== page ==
Today's ruling has the practical effect of cleating the way for authorities in the United States to issue death certificates for the 914 bodies airlifted bythe U.S. military from Jonestown to Dover.
The coroner's jury found that cyanide poisoning was responsible for the deaths of all but three of those who died inside Jonestown. Besides the gunshot deaths of Jones and Moore, another unidentified victim found in the Jonestown psychiatric ward in a pool of blood may have been killed by a bullet rather than poison.
A Guyanese police official testified today that neither he nor U.S. authorities are certain about how that man died. The jury left the cause of his death open.
The jurors deliberated a total of 17 minutes before reaching their findings, which were clearly influenced by Magistrate Bacchus. At times, he berated the jurors and made strong suggestions to them of what he thought happened during the final hours at Jonestown.
Jury foreman Graham expressed displeasure both with Bacchus and his own jury's findings after the inquest ended. Asked about testimony by Odell Rhodes, one of the Jonestown survivors, that at the beginning, at least, many Peoples Temple members seemed to take the poison voluntarily, Graham said: "I was not there, so how will I ever know?"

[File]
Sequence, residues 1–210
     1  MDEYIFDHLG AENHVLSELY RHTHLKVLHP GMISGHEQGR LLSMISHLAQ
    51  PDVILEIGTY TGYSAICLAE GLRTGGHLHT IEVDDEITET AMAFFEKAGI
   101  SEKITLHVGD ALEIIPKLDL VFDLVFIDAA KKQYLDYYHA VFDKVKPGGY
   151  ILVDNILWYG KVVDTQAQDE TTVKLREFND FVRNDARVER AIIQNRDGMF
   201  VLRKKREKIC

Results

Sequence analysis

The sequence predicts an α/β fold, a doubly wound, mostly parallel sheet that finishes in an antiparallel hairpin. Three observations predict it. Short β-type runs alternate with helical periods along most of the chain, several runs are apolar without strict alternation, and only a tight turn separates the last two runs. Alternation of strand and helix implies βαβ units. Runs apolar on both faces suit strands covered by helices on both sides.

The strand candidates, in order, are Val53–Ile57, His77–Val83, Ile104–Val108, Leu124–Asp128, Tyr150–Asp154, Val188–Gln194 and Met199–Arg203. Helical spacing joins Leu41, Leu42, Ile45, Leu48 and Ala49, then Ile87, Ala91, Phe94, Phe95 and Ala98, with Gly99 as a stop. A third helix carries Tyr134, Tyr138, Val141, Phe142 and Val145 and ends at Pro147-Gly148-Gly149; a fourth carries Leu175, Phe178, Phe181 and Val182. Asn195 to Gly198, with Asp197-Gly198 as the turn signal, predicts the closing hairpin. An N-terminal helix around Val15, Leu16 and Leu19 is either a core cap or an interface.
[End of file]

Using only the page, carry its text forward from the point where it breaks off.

But Graham went on to explain the jurors had reasoned that even if some of those who lived at the agricultural commune drank the poison of grape drink, cyanide and tranquilizers, "they were under the influence of Jones at the time."
Since Jones clearly ordered the deaths and armed guards were there to enforce his order, the jurors reasoned, he was criminally responsible.
To some extent, the debate over whether members of the Peoples Temple committed suicide or were murdered depends on how suicide and murder are defined. The hundreds of children who died at Jonestown were clearly murdered, whether or not their mothers gave them their poison, because they did not have the mental ability to choose to live or to die.
According to Rhodes and Stanley Clayton, another survivor who witnessed much of the killing before he escaped, others made no move to drink the poison and were escorted to their deaths by the armed guards. Most did not actively protest, but neither did they choose death willingly, Rhodes and Clayton said. But a large number of those who died did so according to both of the living witnesses without having to be forced in any way. Jones exhorted them "to die with dignity," and they approached the vat of poison without further persuasion.
The jurors concluded that this group was, in effect, brainwashed by Jones, who convinced them that enemies of the Peoples Temple were set to destroy it-especially after Rep. Leo J. Ryan and four others were killed by gunmen sent from Jonestown. These Peoples Temple members may well have believed they would be tortured and killed as Jones had told them, and so chose poison instead.
Others believe that this group of persons simply took the poison because they believed in Jones and believed for political or religious reasons that those who lived at Jonestown, would, after death, "meet in another place," as they were told. Although a certain mass hysteria occurred at the time, it can be argued that these people chose to die voluntarily, in effect committing suicide.